Last night, as the Yankees blew out the Rays en route to their sixth win in the last eight games, the offensive attack was led by new leadoff hitter Andrew McCutchen. McCutchen went 1-for-2 with two walks and a hit-by-pitch, and he saw 20 pitches in his five at-bats. That’s after seeing 34 pitches in five at-bats Monday night. Fifty-four pitches in ten at-bats the last two days. Golly.
McCutchen has now reached base 37 times in his last 17 games — it works out to a .468 OBP in those 17 games — and his overall batting line with the Yankees is .233/.424/.493 (154 wRC+) in 99 plate appearances. The batting average is a little low, but he’s walked (21) more than he’s struck out (18), and he’s hit for power too. Everything but the batting average is great.
“All we’ve seen since he’s gotten here, even the first week when he wasn’t getting a lot of hits, is a guy that really controls the strike zone and has gotten on base a ton for us,” said Aaron Boone to Randy Miller over the weekend. “He’s had impactful at-bats. He worked at (left field) and has been an impactful teammate, and someone that plays like a winning player. He’s done a lot for us.”
When the Yankees initially acquired McCutchen, it was to replace Aaron Judge in right field, and to provide depth in case Judge didn’t return. Shane Robinson and Neil Walker weren’t cutting it in right field. With Judge back, McCutchen is now filling a different role: Leadoff hitter. Brett Gardner, even with a recent little hot streak, is hitting .210/.289/.303 (63 wRC+) in the second half. That is unplayable.
McCutchen has assumed top of the lineup duty and, as I mentioned a moment ago, he has a .424 OBP overall in pinstripes and a .468 OBP in his last 17 games. That is about as good as it gets. Only Joey Votto (16.0%) and Alex Bregman (17.5%) swing at fewer pitchers outside the zone than McCutchen (17.7%), who has also taken to bat flipping his walks …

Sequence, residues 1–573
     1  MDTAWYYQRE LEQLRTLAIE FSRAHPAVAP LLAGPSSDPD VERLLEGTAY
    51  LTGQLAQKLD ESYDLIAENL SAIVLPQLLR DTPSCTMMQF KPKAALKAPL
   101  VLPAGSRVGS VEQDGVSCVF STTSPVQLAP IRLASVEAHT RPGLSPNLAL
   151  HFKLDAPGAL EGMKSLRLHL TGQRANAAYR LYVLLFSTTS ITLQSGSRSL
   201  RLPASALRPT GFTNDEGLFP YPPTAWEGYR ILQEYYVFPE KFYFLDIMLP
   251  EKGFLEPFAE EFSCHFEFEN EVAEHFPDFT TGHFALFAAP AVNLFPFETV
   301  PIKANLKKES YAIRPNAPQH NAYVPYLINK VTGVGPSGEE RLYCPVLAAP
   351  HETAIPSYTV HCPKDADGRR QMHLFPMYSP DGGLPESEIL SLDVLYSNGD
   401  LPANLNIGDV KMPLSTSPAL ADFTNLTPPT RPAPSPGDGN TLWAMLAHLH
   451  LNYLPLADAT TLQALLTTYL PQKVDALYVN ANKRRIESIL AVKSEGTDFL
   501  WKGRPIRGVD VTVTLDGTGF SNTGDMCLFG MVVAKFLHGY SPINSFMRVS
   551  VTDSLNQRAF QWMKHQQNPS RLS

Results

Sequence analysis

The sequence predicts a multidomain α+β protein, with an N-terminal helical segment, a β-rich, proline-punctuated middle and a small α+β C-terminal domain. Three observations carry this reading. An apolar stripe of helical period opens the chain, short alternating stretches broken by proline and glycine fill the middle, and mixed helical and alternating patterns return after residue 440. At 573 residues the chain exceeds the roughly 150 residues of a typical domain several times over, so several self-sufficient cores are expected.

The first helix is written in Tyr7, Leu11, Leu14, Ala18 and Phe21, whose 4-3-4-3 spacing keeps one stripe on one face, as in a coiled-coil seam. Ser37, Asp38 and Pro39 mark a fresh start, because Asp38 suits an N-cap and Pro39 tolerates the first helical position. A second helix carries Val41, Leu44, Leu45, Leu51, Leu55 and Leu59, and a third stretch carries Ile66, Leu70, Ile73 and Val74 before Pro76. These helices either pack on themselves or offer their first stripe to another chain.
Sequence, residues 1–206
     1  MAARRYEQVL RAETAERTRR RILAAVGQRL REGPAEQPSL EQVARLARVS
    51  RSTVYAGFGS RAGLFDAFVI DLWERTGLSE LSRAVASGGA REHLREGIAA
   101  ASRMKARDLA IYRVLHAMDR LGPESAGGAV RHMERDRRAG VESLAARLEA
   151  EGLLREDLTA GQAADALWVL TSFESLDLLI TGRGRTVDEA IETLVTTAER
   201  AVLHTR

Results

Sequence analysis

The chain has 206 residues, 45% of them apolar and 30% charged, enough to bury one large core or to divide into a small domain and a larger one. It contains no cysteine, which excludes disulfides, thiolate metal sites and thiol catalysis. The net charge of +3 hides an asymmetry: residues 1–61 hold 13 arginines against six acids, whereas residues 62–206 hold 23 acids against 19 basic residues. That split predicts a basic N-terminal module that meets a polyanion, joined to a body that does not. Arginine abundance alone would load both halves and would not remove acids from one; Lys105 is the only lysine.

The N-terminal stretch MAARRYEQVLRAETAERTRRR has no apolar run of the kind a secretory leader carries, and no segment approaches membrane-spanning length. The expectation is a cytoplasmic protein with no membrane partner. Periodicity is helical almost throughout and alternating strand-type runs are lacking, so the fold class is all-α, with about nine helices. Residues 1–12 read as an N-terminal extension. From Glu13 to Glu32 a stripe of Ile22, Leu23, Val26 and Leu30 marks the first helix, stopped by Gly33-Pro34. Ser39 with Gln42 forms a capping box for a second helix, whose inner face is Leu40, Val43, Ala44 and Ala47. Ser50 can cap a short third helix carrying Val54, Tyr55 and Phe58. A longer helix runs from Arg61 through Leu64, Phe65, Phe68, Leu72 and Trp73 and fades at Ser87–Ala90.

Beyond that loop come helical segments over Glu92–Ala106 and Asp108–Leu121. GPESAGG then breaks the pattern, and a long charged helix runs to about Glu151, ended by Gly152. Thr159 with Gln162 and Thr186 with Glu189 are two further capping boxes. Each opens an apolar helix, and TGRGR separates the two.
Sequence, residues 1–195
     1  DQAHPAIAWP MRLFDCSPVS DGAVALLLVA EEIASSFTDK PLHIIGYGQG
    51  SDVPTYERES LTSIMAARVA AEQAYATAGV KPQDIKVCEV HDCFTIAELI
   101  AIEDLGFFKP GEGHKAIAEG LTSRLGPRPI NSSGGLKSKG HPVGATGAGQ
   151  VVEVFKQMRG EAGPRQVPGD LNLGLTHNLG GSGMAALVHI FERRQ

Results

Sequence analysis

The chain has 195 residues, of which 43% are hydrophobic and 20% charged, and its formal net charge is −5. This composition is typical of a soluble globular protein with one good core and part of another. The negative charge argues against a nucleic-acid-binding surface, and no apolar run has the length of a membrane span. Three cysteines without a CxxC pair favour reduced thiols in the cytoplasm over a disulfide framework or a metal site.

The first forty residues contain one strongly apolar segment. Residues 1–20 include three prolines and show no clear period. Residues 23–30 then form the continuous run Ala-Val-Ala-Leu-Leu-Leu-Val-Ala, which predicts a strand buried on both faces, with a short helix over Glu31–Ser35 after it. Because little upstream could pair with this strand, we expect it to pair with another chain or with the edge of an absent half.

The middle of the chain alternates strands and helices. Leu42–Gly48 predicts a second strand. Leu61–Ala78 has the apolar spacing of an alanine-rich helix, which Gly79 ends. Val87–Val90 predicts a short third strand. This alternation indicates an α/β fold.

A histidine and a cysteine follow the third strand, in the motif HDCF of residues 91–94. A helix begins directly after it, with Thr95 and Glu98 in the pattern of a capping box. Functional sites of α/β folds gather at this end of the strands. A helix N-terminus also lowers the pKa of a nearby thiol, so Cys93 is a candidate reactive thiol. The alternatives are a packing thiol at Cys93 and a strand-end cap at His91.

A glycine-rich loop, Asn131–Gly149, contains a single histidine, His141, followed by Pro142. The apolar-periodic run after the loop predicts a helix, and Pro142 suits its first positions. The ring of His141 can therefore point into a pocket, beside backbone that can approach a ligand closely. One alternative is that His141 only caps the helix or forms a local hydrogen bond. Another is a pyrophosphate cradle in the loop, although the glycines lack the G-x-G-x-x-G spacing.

— YES Network (@YESNetwork) September 26, 2018
… and that is pretty darn cool. Not everyone can get away with that. McCutchen is a former MVP who remains very productive and has a sterling reputation within the game. He’s earned the right to pimp his walks (lol) and he’s been doing it a lot lately. No player in the American League has walked more often than McCutchen this month.
The Yankees were missing that swagger earlier this year. They were dull and flat for a long time, and still can be every so often. Now McCutchen is raising hell atop the lineup and looking cool as hell doing it. Even with the low batting average, it looks like coming to New York and playing for a contender has rejuvenated McCutchen. Wouldn’t be the first time that’s happened with a veteran coming over from a losing team.
More than anything, the Yankees needed more from the top lineup spot down the stretch and going into the postseason. Their leadoff hitters hit .205/.319/.298 (75 wRC+) in 40 games from the All-Star break through August 1st. They ranked 28th in AVG, 24th in OBP, 28th in SLG, and 28th in wRC+ from the leadoff spot during that time. You can’t win like that. Can’t be done. Love Gardner. He’s forever cool with me. But the Yankees could not continue like that.
McCutchen’s taken over the leadoff spot and the Yankees now rank first in OBP and first in wRC+ from the leadoff spot in September. He’s making the pitcher work and he’s getting on base for Judge and Giancarlo Stanton. While they Yankees have undoubtedly had some stinkers this month, the offense has been much more formidable with McCutchen. He’s knows what it’s like to be The Man in the lineup and he’s playing like that right now.
“Just being myself. Trusting the process. Trusting what I’ve been doing day in and day out, and just going out there and doing what I know I can do,” said McCutchen earlier this week when asked what allowed him to settle in with the Yankees so quickly (video link). “The guys have been great. When you have someone like Stanton and Judge hitting behind you, you know you’re going to get some pitches. And if not, hey, you take a walk, and they step up and they do it.”